Like so many pan-Asian spots, Lemongrass Thai & Chinese Restaurant sets out to please just about everybody. Witness a bi-culinary menu that accommodates both wonton soup and tom kha gai, lo mein and pad Thai. What sets Lemongrass apart, though, is fare that, more often than not, is as vibrant as it is comforting.

True, the airy and spacious dining room sports an incongruous painting of a Venetian canal. So ignore the gondola and focus, instead, on the steaming bowl of chicken coconut soup in front of you. How velvety the slices of chicken are, how resonant and complex the broth. Wonton soup, on the other hand, turns out somewhat bland, the house-made dumplings thick and doughy. Yet the same kitchen sends forth sheer and delicate shu mai (shrimp dumplings), each containing a plump whole shellfish. Also noteworthy are light and savory pork and vegetable dumplings. From the Thai side of the menu comes chicken with sticky rice, little banana-leaf packets you unwrap, each bite unleashing a subtle smokiness.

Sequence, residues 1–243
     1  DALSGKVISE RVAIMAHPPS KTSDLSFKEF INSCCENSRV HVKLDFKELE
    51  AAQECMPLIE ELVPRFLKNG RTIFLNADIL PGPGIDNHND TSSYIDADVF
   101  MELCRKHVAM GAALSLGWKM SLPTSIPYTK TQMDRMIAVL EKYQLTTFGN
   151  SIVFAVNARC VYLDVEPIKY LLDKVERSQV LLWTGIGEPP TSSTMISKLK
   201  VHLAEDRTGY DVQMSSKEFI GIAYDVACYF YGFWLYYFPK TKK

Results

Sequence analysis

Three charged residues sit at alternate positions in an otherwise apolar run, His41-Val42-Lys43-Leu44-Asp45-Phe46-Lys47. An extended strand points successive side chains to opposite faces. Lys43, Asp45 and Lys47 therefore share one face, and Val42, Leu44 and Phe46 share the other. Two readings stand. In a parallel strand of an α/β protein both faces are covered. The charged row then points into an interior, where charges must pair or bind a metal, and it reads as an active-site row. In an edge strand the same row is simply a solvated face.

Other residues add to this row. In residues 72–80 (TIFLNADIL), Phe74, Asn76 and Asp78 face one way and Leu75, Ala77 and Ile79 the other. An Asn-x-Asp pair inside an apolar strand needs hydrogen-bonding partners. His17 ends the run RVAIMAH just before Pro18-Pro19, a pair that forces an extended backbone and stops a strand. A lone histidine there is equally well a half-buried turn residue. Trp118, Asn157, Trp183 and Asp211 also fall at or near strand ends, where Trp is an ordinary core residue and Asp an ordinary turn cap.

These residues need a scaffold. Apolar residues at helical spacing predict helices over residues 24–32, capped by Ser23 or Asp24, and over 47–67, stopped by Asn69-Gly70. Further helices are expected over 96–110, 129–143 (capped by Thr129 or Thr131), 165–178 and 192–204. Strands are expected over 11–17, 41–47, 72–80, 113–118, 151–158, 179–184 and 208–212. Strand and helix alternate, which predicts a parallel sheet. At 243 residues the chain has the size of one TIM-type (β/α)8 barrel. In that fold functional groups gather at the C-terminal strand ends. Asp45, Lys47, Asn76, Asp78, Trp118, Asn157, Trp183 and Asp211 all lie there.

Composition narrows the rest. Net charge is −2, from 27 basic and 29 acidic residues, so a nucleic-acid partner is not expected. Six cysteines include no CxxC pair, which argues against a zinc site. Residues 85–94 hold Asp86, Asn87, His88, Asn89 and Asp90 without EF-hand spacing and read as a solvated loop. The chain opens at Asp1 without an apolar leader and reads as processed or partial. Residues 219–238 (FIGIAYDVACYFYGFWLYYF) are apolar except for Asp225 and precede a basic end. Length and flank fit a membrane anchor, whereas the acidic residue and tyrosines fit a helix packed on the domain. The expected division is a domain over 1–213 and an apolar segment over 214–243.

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One night, pad see yu -- broad noodles with chicken, Chinese broccoli and eggs -- offers a high gratification factor. The same holds true of fresh Chinese black pepper egg noodles tossed with tender slices of beef and a slyly incendiary sauce. But spicy coconut noodles with shrimp, ordered at lunch, are way too sweet, the pasta a bit mushy.

One dish not to miss is the colorful, comforting Panang curry with pumpkin. Another big hit is mango duck; it's bright and fruity, steering clear of over-sweetness. And Thai eggplant with sweet chili sauce comes up a nuanced winner, as well.

If you fondly remember the old-school Chinese-American dish moo goo gai pan, you'll want to try the chicken and vegetable stir-fry here. It's a study in fresh, clean flavors.

Conclude with mango and sticky rice. Or Thai coconut cake -- which is actually not cake but, rather, warm pudding. Easy eating, for sure.